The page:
Ironstate Development Co.
What is Barry doing in Jersey City — a landscape he has dominated with projects for the last 15-plus years? Better question: What isn’t he doing? “He’s involved in everything,” one insider said. “He’s either building it or helping to finance it.” There’s always a spot on the list for a key economic developer in a key city — and Ironstate is now expanding westward, spearheading the $135 million redevelopment around Montclair’s Wellmont Theater.
The first market-rate housing project in Atlantic City in five decades, 600 North Beach, opened to much fanfare last year. One Rector Street, one of the first market-rate housing projects in Newark in decades, is right behind. Boraie, however, is just getting started. There are bigger plans in Newark and elsewhere on the horizon.
He continues to transform the largest real estate investment trust in the state from its new offices in Jersey City, the location for its most ambitious project to date: Harborside Tower, a 1.2 million-square-foot office complex that could further change the city. All it needs is an anchor tenant to begin construction. In the meantime, DeMarco has spearheaded the company’s effort to shed low-end office buildings and ramp up high-end multifamily construction.
Prism Capital Partners
The ON3 project on the former Roche campus in Nutley and Clifton continues to draw interest and create news. Phase II of the new Hackensack Meridian School of Medicine is expected to be completed this spring, while Prism has just announced the start of the first new ground-up projects at the 116-acre campus, including a new spec lab building. Meantime, a major tech company is expected to announce it is headed there soon.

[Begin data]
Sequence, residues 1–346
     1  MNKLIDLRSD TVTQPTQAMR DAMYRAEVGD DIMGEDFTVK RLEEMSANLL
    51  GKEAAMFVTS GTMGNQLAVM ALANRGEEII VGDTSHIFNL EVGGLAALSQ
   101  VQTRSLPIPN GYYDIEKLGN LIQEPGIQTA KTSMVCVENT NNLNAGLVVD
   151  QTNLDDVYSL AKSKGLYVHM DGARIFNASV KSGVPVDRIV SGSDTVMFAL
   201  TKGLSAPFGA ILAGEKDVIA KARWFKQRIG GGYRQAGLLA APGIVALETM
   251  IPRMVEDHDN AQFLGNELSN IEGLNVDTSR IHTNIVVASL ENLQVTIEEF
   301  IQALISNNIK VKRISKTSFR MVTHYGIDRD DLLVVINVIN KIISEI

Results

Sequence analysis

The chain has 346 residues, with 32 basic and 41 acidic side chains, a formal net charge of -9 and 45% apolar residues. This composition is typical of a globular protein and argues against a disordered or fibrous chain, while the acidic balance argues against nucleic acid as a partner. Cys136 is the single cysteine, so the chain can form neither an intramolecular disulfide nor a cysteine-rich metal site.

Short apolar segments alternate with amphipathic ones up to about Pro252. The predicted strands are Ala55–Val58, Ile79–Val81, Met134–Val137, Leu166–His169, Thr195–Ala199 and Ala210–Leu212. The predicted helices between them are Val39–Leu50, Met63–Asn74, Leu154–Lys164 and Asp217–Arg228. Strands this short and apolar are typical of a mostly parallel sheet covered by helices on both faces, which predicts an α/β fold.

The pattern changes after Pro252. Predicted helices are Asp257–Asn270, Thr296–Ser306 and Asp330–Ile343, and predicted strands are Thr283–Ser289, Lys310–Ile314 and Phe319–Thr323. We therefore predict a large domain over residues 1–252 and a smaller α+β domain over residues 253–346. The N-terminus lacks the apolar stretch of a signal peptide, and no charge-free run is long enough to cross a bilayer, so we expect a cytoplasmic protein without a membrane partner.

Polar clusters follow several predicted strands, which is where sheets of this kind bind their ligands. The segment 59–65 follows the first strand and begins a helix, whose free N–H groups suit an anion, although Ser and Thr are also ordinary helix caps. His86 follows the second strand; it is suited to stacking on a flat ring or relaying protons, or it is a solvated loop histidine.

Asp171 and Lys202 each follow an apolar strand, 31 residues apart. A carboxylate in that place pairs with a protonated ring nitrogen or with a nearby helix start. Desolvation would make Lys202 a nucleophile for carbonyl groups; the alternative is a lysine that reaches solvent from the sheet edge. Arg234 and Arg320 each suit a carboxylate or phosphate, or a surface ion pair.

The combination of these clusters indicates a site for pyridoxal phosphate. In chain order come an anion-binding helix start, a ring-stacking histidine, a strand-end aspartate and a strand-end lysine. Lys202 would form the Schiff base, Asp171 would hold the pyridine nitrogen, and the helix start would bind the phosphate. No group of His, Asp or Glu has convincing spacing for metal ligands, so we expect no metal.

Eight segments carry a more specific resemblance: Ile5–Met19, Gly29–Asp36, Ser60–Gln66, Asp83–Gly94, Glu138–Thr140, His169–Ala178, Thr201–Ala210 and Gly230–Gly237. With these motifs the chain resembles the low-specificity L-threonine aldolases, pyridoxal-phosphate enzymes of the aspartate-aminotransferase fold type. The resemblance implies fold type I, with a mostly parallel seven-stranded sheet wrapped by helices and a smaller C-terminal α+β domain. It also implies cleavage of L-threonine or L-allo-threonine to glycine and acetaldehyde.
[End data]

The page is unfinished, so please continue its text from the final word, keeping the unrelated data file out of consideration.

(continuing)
Jon Hanson; Jimmy Hanson
Founder and chairman; CEO and president
The Hampshire Cos.
The first family of real estate in New Jersey shows no signs of slowing down. And, as always, stays ahead of the curve. “Who was the first big player to have an Opportunity Zone fund?” one insider asked, and then answered: “Hampshire, of course.” While Jimmy Hanson handles most of the day-to-day operations, his father remains a powerbroker whose knowledge knows no end.
Kushner Real Estate Group
Another big player in Jersey City, Kushner is plugging along on the iconic Journal Squared project, having broken ground and secured $258 million in construction financing for its second tower. The project is transforming the historic hub of Jersey City, but KRE also has a huge presence around the state.
Senior vice president
Ladell has been at the top of the multifamily game for years, developing communities up and down the state. His next project will be his biggest. Ladell is the master developer of the $300 million mixed-use development project (800 units of housing, 37,000 square feet of retail, 50,000 square feet of open space) that will bring a downtown to West Windsor at the Princeton Junction train station.
Bridge Development Partners
In a state where industrial is king, Milanaik is at the top of the mountain. The veteran, well-respected developer has a pipeline with several million square feet in New Jersey and a proven track record for getting projects done at challenging sites. That means he is poised to ride the e-commerce and last-mile wave as well as anyone in the region.